Nelson Mandela. What a loss. What a truly amazing person, who changed the world. While I never met him, I thought I would share a short personal story in which I bore witness to the improbable but amazing transition that has occurred in South Africa over the past twenty plus years.
Back in the mid-to-late 1990s, when I worked for Gartner, I regularly traveled the globe. Among these adventures were two business trips to South Africa – both times visiting Cape Town and Johannesburg (and during one of them, a fun side trip to Kruger National Park). On the second of these trips – I think it was in 1998 or 1999 – I was invited to join a planning meeting with senior IT leaders for Transnet, one of the largest companies in South Africa (and owner of the country’s ports, railways, and pipeline infrastructure).
Frankly, it was an honor to participate in that 2-hour meeting, which ended up being the kickoff for the transition of leadership in that huge company’s IT organization. The seating in the boardroom was set up in a Continue reading
A number of telecom service providers (SPs) are planning to start a push to adopt Cloud infrastructure for services. But they face at least two big issues in making this transition. First, standards are not settled for software-defined networking (SDN) and network functions virtualization (NFV).
Second, how do they balance the big new cost of the infrastructure needed against business that the new infrastructure will garner? We believe that a number of Tier 1 SPs are very gun-shy, because there are no success stories of SPs moving to use cloud infrastructure for their own business. Windstream (a Tier 3) followed a strategy that built out a Cloud, and Continue reading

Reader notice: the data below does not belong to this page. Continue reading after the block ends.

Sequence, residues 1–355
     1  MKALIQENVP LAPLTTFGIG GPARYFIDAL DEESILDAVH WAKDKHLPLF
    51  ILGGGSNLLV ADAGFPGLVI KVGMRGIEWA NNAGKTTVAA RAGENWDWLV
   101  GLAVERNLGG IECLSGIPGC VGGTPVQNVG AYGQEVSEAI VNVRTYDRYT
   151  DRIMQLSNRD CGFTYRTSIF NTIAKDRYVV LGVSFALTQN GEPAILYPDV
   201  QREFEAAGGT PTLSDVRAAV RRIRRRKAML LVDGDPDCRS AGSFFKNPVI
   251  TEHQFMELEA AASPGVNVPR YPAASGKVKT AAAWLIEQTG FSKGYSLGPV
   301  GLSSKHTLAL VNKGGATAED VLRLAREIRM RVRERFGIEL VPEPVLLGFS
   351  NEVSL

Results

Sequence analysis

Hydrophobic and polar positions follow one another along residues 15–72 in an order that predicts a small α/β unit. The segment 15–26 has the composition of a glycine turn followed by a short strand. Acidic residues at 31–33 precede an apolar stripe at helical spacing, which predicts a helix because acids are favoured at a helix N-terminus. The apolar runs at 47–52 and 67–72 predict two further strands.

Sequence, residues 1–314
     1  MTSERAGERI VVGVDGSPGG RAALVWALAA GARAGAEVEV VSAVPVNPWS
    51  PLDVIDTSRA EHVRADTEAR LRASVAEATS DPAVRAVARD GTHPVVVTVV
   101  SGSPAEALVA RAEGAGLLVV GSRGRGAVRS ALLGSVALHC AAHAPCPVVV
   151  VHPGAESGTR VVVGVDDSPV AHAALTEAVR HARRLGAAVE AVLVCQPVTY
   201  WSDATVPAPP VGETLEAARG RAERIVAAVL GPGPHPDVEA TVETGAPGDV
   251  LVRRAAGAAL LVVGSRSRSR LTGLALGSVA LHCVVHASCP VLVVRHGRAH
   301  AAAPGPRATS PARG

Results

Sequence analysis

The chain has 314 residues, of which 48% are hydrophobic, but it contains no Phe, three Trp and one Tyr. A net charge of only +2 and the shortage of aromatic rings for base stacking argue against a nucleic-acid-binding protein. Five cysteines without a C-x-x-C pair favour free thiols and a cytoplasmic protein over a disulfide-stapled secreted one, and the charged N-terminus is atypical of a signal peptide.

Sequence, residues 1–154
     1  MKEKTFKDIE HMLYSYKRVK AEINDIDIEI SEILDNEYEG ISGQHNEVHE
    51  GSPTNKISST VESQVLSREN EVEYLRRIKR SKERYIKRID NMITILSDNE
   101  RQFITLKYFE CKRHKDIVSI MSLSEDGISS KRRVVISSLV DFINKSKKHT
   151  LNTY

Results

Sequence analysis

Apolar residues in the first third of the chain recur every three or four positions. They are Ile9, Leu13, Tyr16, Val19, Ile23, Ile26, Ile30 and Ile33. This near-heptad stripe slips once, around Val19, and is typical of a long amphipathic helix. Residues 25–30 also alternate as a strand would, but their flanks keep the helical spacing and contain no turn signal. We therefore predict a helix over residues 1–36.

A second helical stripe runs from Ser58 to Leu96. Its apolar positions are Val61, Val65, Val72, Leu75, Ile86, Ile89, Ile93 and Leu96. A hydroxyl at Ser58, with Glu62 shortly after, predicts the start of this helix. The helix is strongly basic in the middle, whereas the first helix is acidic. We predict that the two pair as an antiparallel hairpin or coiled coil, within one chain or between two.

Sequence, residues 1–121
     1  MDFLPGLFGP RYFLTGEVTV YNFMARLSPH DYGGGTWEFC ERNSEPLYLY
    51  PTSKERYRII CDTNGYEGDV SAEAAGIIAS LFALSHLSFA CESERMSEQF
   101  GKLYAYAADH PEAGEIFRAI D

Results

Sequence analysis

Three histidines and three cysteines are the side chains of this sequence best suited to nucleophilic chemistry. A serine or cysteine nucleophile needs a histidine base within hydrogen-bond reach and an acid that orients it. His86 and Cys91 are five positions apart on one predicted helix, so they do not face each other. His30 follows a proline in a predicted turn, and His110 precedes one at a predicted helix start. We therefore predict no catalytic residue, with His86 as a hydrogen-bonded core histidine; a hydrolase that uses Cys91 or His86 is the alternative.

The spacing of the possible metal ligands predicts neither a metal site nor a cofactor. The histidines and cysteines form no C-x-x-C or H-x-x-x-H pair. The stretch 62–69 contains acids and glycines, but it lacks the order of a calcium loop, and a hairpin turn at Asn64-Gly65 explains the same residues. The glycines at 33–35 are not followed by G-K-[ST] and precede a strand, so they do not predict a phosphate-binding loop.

What is Happening?
As part of Saugatuck’s participation in this week’s inaugural SIIA Deciphering Finance event in Boston, Saugatuck SVP and head of research Bruce Guptill first presented a summation of Saugatuck’s research on changes in the scope and pace of Cloud adoption by Finance leaders and organizations over the past decade, then engaged in a series of discussions with CFOs at the event regarding their own Cloud plans, activity, and associated impacts.
The net of this interaction: After several years of first inhibiting and prohibiting Cloud use, then a brief period of Cloud uncertainty, Finance leaders overall, and Finance as a corporate entity, have embraced Cloud as a means of enabling, increasing, and delivering the value required of Finance by enterprises in an increasingly-fast-changing business environment.
As a result, Cloud has become the first choice of Finance leaders and buyers for Finance management solutions – and is increasingly encouraged by Finance leadership and policy as a first choice for broader enterprise business IT. Continue reading
Even while adoption of Cloud offerings is expanding rapidly, enterprise buyers and managers of Cloud solutions still are not confident in their ability to evaluate and select the right offerings.